Biden's verbal stumbles, Trump's 'morals of an alley cat': 6 debate takeaways



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In their first televised debate, President Biden and former President Trump called each other criminals and liars and looked at each other with open disdain.

Biden was hoping to get a boost in polls, which show Trump has a slight edge, particularly in battleground states. But Biden’s early struggles with his words and the lack of timbre in his voice have instead created panic among Democrats. Here are some takeaways:

Biden comes out flat

Biden walked out slowly and stiffly and had a hoarseness to his voice. Trump sounded like a slightly toned down version of himself — less bombastic — as he declared that under his administration “everything was rocking good.”

Voters looking for signs of vitality from Biden in the opening rounds probably had a hard time finding it. He fumbled with his words — he’s had a lifelong stutter that he works to control — and looked down often as he appeared to take notes. He recovered as the 90-minute debate from Atlanta wore on, but the early impressions were rough.

Before the debate, Trump had complained about the lack of a live audience. But it may have helped him stay under control while it appeared to zap Biden’s energy.

Biden’s age, 81, is a top political liability and this debate may have made it worse. Trump recently turned 78, a fact Biden alluded to when he called Trump “three years younger, and a lot less competent.”

Abortion brings the first heat

After a slow start, Biden perked up when moderators asked about abortion.

Trump went with a well-worn line about how he had turned the issue back to the states, which he falsely claimed is “something everyone wanted” and said that “the country is now coming together on the issue.”

Biden, showing a bit of emotion, fired back that “no politician should be making that decision,” referring to when to get an abortion.

Trump then tried another falsehood — that some states allowed infants to be killed after birth.

“That is simply not true,” Biden said, adding, “We are not for late-term abortion. Period, period, period.”

The exchange ended with Biden promising to veto any national abortion ban that comes across his desk, warning that Trump would probably sign one. For young women and single issue voters, that pledge may carry weight.

Trump hits on immigration but dodges on deportations

Trump was eager to play offense on the border and immigration, the animating issue of his campaign and one where he has a polling advantage over Biden.

“We had the safest border in the history of our country,” Trump said. “All he had to do was leave it.”

Biden has tried to tackle immigration in recent months, proposing a bipartisan border bill that Trump tanked and, more recently, executive actions that included new restrictions on asylum claims.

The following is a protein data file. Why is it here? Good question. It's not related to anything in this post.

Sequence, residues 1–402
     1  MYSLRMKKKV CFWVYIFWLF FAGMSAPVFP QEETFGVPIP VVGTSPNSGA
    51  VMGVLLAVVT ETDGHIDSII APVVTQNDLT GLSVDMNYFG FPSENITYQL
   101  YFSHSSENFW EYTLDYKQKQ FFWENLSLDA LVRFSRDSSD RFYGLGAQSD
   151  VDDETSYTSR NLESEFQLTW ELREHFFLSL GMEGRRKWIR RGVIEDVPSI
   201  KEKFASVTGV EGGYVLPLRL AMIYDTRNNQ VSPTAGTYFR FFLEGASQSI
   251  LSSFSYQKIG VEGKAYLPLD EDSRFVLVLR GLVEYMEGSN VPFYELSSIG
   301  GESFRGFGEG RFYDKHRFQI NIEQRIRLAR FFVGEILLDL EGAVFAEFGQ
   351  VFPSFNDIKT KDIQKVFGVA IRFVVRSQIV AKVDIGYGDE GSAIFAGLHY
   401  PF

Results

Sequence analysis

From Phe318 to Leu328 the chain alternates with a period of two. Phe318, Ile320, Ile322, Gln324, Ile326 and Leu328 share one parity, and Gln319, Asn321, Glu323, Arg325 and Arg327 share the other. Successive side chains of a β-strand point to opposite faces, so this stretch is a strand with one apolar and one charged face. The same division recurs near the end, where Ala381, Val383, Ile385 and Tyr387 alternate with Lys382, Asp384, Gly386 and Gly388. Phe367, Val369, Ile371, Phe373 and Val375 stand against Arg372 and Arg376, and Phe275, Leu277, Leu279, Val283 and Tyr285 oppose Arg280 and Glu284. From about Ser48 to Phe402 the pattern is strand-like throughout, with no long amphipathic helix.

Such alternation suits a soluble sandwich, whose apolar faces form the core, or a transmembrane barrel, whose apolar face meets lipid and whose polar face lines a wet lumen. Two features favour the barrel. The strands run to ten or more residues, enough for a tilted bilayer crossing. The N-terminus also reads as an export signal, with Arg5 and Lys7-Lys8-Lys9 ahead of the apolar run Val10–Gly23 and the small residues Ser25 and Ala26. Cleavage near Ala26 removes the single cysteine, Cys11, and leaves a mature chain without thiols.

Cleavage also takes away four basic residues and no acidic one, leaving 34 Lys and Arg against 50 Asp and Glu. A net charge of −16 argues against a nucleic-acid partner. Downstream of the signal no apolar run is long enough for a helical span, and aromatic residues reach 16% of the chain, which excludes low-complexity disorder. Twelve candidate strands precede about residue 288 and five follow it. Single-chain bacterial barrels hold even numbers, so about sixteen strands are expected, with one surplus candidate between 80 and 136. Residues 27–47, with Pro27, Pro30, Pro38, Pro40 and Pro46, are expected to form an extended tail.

Trump, who has used demonizing language against migrants throughout the campaign, claimed that “we are living in a rat’s nest” and that “we’re literally an uncivilized country now.” But he did not give an answer on how he would carry out mass deportations.

‘Morals of an alley cat’

It started with a question to Trump about his culpability for the Jan. 6, 2021, insurrection and the potential that he would provoke another such incident.

Trump bobbed, weaved and made sure to not answer, instead claiming that the reputation of the United States under Biden had plummeted around the world and was now “horrible,” and that Biden should be “ashamed” for how the insurrectionists have been held accountable by courts.

Biden shot back that there was only one person onstage who was a convicted felon, pushing Trump to proclaim, “I have done nothing wrong.”

Biden came back with what will probably be a viral moment, pointing out that Trump slept with adult film star Stormy Daniels (which Trump also denies) and declaring, “You have the morals of an alley cat.”

The exchange marked a moment in which Biden abandoned his ivory tower approach to politics and got into the ring, something many have said is necessary against a talented verbal pugilist like Trump — even if Biden’s barb sounded like it came straight out of a Humphrey Bogart movie.

Trump won’t promise to accept results

Trump, who egged on the Jan. 6 insurrection, was asked three times whether he would accept the results of the election after court challenges are exhausted. He refused to give an unqualified answer.

“If it’s a fair and legal and good election, absolutely,” he said.

Biden, who is running on Trump’s attack on democracy, took a shot.

“You’re a whiner,” he said. “You can’t stand the loss. Something snapped in you when you lost last time.”

This shouldn’t be a debate

The final takeaway may be that “this shouldn’t be a debate,” as Trump said at one point.

Both candidates failed to answer the questions, instead rambling on with confusing talking points, including a bizarre exchange about their golf handicaps.

Trump focused on fearmongering, warning Biden would “drive us into World War III” and alleging that “we are a failing nation.” Even when answering a question on child care, he returned to his main themes of immigration, taxes and bashing Biden as the “worst president” in history. Biden countered by saying polls of historians declare Trump the worst president in American history.

Neither man gave any vision of the future of America or took the opportunity to lay out a plan of hope or strength for America, as has been common in past elections — perhaps leaving voters wondering what just happened and what to look forward to under a second term for either one.



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